Photos reveal devastation after supercharged Hurricane Michael slams Florida Panhandle

Photos reveal devastation after supercharged Hurricane Michael slams Florida Panhandle

Photos reveal devastation after supercharged Hurricane Michael slams Florida Panhandle

Panama City, some 20 miles (32km) from Mexico Beach, has borne the brunt of the storm, as it downed trees, knocked power lines, tore off roofs, and splintered homes, some of which have collapsed.

The most powerful hurricane on record to hit Florida's Panhandle left wide destruction and at least one person dead and wasn't almost finished Thursday as it crossed Georgia toward the Carolinas, still reeling from epic flooding in Hurricane Florence.

State officials issued disaster declarations in Alabama and Georgia and the storm is also expected to bring heavy rainfall to North and SC.

"It feels like a nightmare", she said."Looking at the pictures, I'm thinking there is not a house left in that town".

Multiple airports were closed on Wednesday, including Tallahassee International Airport, Northwest Florida Beaches International Airport, Pensacola International Airport and Destin-Fort Walton Beach Airport.

Mike Thomas, the mayor of Panama City Beach, a resort west of Panama City, said he expected there would be casualties and that emergency personnel would not go out when winds get over 80km/h. It moved so fast that people didn't have much time to prepare, and emergency authorities lamented that many ignored the warnings and seemed to think they could ride it out.

A unsafe storm surge continued along the coastal Florida panhandle; a National Ocean Service station in Apalachicola was reporting 5 feet of water above the ground level.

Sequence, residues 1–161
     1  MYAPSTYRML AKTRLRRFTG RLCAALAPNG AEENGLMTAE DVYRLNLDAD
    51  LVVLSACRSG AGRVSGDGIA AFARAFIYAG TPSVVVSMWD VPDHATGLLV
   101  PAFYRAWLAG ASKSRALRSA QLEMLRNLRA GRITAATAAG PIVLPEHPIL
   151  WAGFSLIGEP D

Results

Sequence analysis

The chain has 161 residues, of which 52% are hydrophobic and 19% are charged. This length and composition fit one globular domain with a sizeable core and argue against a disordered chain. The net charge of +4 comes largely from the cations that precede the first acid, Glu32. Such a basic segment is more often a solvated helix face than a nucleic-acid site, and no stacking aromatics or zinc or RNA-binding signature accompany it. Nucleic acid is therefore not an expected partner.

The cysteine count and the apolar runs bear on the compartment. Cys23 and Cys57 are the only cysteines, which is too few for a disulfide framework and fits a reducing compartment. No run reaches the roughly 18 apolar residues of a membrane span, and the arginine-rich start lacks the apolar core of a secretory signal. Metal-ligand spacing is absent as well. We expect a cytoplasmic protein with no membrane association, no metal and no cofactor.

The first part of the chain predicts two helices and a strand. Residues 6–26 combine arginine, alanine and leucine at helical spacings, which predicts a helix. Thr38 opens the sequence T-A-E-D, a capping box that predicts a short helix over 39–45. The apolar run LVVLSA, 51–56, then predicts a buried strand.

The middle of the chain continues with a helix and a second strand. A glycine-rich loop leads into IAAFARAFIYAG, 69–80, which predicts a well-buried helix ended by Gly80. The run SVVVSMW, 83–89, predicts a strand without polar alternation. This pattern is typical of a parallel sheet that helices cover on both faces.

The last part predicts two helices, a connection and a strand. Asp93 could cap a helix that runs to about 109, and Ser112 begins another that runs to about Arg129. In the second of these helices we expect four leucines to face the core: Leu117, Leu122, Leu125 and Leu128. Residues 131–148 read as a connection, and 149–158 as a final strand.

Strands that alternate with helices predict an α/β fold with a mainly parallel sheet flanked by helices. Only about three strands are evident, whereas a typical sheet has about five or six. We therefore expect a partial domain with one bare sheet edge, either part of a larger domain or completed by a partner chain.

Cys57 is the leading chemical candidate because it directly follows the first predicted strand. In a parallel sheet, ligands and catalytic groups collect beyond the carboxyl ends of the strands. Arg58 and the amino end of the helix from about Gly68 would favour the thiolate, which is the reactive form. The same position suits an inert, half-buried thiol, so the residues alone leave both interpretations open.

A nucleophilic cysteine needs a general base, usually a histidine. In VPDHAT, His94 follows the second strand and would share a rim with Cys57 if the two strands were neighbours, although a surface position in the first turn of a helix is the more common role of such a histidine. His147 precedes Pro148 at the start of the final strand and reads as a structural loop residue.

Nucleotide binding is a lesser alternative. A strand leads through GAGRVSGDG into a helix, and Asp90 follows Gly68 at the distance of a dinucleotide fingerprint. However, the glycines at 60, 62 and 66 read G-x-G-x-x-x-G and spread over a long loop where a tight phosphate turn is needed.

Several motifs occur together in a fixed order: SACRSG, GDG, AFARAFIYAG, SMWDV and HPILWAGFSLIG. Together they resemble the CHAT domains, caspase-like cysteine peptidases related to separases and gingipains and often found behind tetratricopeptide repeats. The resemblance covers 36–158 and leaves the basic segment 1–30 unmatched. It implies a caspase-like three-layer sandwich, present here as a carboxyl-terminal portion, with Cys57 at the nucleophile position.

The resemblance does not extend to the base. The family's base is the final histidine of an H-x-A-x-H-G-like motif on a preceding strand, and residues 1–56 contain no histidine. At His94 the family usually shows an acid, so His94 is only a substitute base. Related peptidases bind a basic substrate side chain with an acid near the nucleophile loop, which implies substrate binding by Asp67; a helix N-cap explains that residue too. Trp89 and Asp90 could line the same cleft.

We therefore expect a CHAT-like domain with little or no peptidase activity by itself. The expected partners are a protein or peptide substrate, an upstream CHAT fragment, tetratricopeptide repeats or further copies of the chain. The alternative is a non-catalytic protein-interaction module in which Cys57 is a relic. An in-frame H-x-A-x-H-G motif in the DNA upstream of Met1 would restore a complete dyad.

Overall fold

By 8pm, Michael was weakened to category-1 storm, with wind gusts reaching 90mph (144kph), the National Hurricane Center reported.

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"Those who stick around to experience storm surge don't typically live to tell about it".

Michael, located about 20 miles (30 kilometers) southwest of Albany, Georgia and packing maximum sustained winds of 90 miles per hour (150 km/h), is forecast to become post-tropical cyclone on Friday, the Miami-based weather forecaster said.

"Our biggest concern is... the people that chose not to evacuate", he told CNN.

The National Weather Service office in the state capital Tallahassee issued a dramatic appeal for people to comply with evacuation orders. Only the 1935 storm and Camille had lower pressures, Mr. Klotzbach said.

Florida Governor Rick Scott, a Republican running for the US Senate in November's congressional elections, declared a state of emergency in 35 Florida counties. He acknowledged that a lot of the residents in the area were poor and said it was probably tough to leave. "This happened so quickly", he said.

A water-level station in Apalachicola, close to where Michael came ashore, reported a surge of almost 8 feet (2.5 meters). It was the most powerful hurricane on record to hit the Panhandle. The Carolinas are still reeling from severe flooding in the aftermath of Hurricane Florence less than a month ago.

Scientists have long warned that global warming will make storms more destructive, and some say the evidence for this may already be visible. The most likely cause for such sudden changes?

A total of 453 flights had been cancelled on Wednesday across the country, with many occurring in the Florida area. More than 40,000 people lost power across the state.

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